The man in the cowboy hat

Matt Valentine

Near the finish line of the Boston Marathon, photographers watched the race through the delimiting frame of their viewfinders. They heard and felt two explosions, but most would not have seen the blasts — the magnified perspective of a telephoto lens narrows the field of view, eliminating peripheral vision. As they photographed the chaos of the unfolding scene, they documented the horrific injuries of the victims and the heroic efforts of emergency personnel and bystanders. One photograph has become the iconic image of the attack. In news articles and social media, people have been calling it “The Man in the Cowboy Hat.” 

Charles Krupa’s photo for the Associated Press depicts a man in a wheelchair being rushed from the scene, escorted by three people: a woman in a tracksuit (furthest from the camera), an EMT in neon with a radio clipped to his chest and another man with long hair and a cowboy hat. This is a photograph of four people — so why is it called “The Man in the Cowboy Hat?”  And, among the hundreds of photos of injury and rescue, why has Krupa’s photo become the singular iconic image of the Boston Marathon bombing?

The photo is one of the most graphic images of the attack, and surely that accelerated its viral spread across the Internet. The victim (later identified as Jeff Bauman) is ashen from shock and loss of blood. Shredded tissue dangles from the stumps of his legs, exposing the splintered tibias. His shirt and the side of his face are blackened, presumably by soot from the blast. Too explicit to be published unaltered in most newspapers, editors cropped the photo at Bauman’s knees (just where his legs were later amputated at Boston Medical Center). As in Nick Ut’s iconic photo “Napalm Girl” and Eddie Adams’s “Saigon Execution,” shocking violence is one part of what makes Krupa’s photo extraordinary — but violence and victimization aren’t the defining characteristics here. People aren’t calling this photo “Man with No Legs” — to most viewers, Bauman isn’t the primary subject of this photograph. It’s that other guy, the one with the hat.

In a story about a bombing, most Americans expect photographs of victims and medical technicians — a decade of photojournalism from Iraq has conditioned us to regard those images with the detached concern of conscientious civilians. To us, the violence of war is comprehensible, but also unimaginable. We read and believe the stories; we see the photos; but those men in uniform and those broken victims are so far away, their lives so unlike our own, that we can’t imagine ourselves there with them. We might likewise fail to empathize with Bauman, not from a lack of sympathy but from a lack of relatable experience. Most of us can’t relate to the EMT, either; his duties are highly specialized. Reacting to this photograph, we see a victim, an authority, and the man in the hat, who could be anybody.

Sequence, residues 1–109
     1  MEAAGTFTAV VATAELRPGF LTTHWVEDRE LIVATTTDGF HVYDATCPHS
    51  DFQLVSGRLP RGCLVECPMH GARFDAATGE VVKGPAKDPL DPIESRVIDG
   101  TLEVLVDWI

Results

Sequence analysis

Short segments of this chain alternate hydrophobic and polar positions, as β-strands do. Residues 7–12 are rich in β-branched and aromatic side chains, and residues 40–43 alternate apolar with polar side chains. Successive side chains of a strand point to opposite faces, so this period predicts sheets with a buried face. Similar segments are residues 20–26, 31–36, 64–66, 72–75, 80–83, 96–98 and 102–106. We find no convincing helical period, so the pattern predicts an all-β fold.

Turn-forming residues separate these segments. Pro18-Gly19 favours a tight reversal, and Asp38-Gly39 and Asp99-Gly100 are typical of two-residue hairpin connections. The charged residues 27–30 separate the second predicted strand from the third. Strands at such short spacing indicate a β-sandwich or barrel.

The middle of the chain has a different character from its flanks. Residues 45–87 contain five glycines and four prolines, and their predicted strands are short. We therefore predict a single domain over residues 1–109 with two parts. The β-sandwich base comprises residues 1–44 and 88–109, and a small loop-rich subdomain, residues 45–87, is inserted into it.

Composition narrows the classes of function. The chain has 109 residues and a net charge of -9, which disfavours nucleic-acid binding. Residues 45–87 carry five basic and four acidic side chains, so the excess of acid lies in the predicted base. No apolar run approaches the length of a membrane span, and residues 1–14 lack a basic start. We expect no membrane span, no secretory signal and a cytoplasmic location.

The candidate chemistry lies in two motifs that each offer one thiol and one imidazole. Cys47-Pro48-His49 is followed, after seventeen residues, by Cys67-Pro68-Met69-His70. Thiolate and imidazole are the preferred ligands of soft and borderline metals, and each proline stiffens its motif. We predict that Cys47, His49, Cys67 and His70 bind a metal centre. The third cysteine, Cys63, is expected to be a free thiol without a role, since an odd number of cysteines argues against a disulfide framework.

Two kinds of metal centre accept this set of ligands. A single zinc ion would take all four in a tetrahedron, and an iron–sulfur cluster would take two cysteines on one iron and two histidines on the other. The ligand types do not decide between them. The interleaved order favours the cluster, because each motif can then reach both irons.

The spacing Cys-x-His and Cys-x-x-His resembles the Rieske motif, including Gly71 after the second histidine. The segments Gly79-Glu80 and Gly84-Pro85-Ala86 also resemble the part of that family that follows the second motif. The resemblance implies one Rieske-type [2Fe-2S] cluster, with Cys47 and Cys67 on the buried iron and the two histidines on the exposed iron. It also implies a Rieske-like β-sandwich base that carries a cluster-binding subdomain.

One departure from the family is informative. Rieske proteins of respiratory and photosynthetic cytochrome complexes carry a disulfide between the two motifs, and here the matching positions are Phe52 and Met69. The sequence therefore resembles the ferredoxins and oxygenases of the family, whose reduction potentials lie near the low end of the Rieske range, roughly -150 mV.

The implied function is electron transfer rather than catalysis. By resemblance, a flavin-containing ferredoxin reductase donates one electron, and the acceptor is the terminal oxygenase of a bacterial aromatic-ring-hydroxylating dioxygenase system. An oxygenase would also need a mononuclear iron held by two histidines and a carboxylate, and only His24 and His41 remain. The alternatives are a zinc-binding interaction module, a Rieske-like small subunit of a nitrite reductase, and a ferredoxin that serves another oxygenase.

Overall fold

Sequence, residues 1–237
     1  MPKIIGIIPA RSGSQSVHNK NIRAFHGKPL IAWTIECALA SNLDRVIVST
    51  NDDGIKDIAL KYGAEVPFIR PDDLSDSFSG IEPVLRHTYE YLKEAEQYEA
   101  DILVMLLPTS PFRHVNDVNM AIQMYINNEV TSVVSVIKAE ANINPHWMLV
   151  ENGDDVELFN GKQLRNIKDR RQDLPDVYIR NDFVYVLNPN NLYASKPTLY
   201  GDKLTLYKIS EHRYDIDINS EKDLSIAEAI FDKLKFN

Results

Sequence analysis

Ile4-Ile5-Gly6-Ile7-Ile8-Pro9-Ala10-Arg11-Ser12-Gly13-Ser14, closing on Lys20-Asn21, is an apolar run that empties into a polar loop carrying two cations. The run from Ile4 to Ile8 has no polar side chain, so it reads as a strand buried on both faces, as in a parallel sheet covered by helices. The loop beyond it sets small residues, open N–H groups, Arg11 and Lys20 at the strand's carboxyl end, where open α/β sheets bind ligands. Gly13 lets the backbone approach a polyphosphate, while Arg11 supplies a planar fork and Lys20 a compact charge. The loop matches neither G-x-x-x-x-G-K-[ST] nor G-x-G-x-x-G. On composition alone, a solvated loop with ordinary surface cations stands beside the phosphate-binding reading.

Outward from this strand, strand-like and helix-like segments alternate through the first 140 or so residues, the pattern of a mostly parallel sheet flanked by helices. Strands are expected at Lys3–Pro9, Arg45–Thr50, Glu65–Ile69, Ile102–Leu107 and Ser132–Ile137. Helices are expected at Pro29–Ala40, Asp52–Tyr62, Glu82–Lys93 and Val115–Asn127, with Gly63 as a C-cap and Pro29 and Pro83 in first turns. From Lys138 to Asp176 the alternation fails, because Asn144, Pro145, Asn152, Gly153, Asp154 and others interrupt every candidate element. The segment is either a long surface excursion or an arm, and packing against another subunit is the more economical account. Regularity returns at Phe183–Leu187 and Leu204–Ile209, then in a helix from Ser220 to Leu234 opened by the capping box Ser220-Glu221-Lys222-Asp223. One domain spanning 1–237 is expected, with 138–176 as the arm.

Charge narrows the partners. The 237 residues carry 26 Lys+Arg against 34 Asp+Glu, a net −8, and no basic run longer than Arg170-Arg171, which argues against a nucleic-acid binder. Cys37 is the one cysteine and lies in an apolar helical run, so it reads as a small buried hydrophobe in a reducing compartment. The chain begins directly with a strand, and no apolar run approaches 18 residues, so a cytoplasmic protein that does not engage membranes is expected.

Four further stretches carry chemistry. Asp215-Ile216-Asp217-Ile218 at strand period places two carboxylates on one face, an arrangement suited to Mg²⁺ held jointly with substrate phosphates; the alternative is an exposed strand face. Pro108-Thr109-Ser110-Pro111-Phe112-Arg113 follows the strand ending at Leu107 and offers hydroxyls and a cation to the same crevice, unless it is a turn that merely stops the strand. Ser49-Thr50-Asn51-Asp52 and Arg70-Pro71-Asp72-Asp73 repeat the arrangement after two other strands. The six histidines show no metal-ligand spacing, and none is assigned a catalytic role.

It turns out that the man in the cowboy hat, Carlos Arredondo, has a dramatic story of his own. His son Alexander died in Iraq, and Carlos was so stricken with grief that he attempted suicide by immolation when he heard the news. His other son, Brian, killed himself in 2011. Carlos has become a peace activist and a suicide prevention advocate. But when this photo was flying through social media networks in the immediate aftermath of the attacks, few people knew anything about Carlos Arredondo, not even his name. His hat indicates that he is not a runner, not a paramedic, and probably not a Bostonian. He’s just a bystander. He’s not supposed to be doing anything in this moment but feeling terrified. But there he is, pinching closed Jeff Bauman’s severed femoral artery.

Shooting the Marathon for Bloomberg, Kelvin Ma photographed Arredondo and Bauman at the same moment that Krupa captured “The Man in the Cowboy Hat.” But Ma’s photograph will not be such an enduring icon. Iconic photographs are not the product of chance. Yes, Alfred Eisenstaedt happened to be in Times Square at the right moment to photograph an (initially) unidentified sailor as he grabbed an (initially) unidentified woman for a celebratory kiss on V-J Day, but Eisenstaedt wasn’t the only cameraman to capture that moment. Victor Jorgensen photographed the exact same kiss, but the disorganized composition of Jorgensen’s photograph feels like a voyeuristic snapshot. Eisenstaedt’s “V-J Day in Times Square” shows just a sliver of each kisser’s face, and all the bystanders in Eisenstaedt’s photo are facing the camera, as if coordinated in common purpose. Because they’re anonymous, the two kissers are surrogates expressing a national sentiment. Anyone could be, if not one of the kissers, at least somewhere in the crowd.

Ma’s photograph is shot from an elevated position, with a telephoto lens. Krupa photographed at street level, with a lens similar in magnification and angle-of-view to the human eye. When we look at “The Man in the Cowboy Hat,” we feel as if we are just inches away, because Krupa really was. We can imagine ourselves, if not wearing Arredondo’s hat, at least running by his side, pushing the wheelchair from Bauman’s left. That’s why this photograph has become an icon of the Boston Marathon bombing — it unflinchingly depicts the effect of violence, but the central narrative is about the response to violence, in which we are all invited to participate.

Valentine is a lecturer in the Plan II Honors Program who graduated from UT with a Bachelors of Arts in Plan II and English in 2000.